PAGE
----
5 Tips on Getting More Sales Without Attracting New Customers

It’s easy to focus all your energy on attracting new business to your company, but don’t forget the goldmine you already have – existing customers. Here are five simple things you can do to ensure you don’t miss all that low-hanging fruit!

Devote more of your marketing budget to existing customers.

You know the rule that says businesses get 80% of their revenue from 20% of their clients? Well it’s true, and those clients are a valuable source of continuing income. However, many businesses spend­ 60% - 80% of their marketing dollars and time on prospecting and just 20% on existing customers.

That’s a mistake – being 80% focused on existing customers makes far more sense; ignore them and you'll end up in a situation where the customers that bring in the bulk of your income start to feel undervalued and become dissatisfied. They may very well leave you; even worse, they may go round telling everyone your customer service leaves a lot to be desired. All of which leads up to the next tip:

Market to your existing clients.

Maribeth Kuzmeski, President of Red Zone Marketing, a marketing strategist, bestselling author of seven books, and professional speaker said, "I have a client who has been a financial adviser for more than a dozen years. During his first eight years in business before I knew him, he had accumulated $10 million in money under management. He was acquiring 80% of his new clients by prospect marketing. When we began working together, I advised him to add client marketing to the mix. We put together a marketing system that included regular phone and mail communication to his clients, client-focused seminars and events, open houses; a commitment to periodic client reviews, and ongoing client appreciation activities, including notes, letters, cards, gifts and social events. Within three years after putting this client marketing plan in place, his business increased from $10 million dollars to $100 million dollars of money under management. The secret was adding client marketing to the mix. Referrals started to stream in, and they were well qualified and within his niche."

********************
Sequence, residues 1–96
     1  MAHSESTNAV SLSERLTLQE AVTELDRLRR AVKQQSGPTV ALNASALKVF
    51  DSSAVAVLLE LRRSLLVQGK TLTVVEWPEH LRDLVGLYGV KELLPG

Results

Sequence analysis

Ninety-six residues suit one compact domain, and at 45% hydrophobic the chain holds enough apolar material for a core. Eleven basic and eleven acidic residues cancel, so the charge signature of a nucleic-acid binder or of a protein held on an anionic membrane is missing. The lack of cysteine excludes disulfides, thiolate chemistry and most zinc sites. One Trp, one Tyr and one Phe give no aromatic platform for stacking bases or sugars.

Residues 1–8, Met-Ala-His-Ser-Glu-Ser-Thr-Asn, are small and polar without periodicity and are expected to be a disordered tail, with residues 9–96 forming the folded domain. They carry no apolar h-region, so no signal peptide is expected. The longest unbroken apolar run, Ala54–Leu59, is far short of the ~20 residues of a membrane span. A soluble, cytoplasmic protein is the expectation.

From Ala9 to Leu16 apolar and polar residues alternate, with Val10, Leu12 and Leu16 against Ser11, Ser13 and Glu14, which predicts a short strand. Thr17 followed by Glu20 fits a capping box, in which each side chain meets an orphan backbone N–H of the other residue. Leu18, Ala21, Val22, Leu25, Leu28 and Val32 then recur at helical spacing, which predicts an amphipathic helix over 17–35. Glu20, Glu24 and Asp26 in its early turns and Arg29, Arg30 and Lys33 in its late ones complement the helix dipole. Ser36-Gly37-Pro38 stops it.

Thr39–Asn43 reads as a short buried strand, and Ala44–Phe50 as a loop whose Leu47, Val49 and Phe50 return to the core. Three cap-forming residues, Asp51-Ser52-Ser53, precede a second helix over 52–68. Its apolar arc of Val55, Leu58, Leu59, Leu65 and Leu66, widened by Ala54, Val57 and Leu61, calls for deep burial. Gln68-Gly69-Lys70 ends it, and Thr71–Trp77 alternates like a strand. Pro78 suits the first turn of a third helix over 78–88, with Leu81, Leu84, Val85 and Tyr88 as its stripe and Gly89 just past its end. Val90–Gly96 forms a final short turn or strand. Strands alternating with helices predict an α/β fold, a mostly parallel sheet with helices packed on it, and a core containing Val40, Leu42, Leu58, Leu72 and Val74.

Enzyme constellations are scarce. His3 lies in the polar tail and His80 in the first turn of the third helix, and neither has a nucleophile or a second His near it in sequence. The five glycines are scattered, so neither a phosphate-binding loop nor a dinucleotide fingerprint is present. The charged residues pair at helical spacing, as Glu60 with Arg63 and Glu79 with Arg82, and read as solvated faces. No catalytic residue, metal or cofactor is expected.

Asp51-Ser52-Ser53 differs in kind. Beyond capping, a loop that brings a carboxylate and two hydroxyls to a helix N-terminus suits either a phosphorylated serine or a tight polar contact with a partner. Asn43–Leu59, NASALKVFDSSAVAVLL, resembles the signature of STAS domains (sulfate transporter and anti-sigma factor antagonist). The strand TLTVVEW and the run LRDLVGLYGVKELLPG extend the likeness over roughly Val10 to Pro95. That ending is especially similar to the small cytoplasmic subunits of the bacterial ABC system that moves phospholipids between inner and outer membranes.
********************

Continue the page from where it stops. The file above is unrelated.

So, never under estimate the customers you already have and their potential for growth.

Ask your clients what they want.

A novel concept, huh? It's all too easy to assume that you know what they want. But unless you're an extremely gifted mind-reader, you probably don't. "Clients will consciously and subconsciously rate you on several factors, including satisfaction, delight, service, communication, your staff, etc.," Kuzmeski says. "How do you think you rate with your clients? Have you ever thought about discovering their level of satisfaction, and what's really important to them about you and the business? Asking your clients what they want is the best first step to providing the basics of client marketing. Written questionnaires, personal interviews, focus groups, advisory boards, and evaluation forms are all useful tools to determine what your clients expect or desire, and what would delight them."

Think of imaginative ways to set your business apart.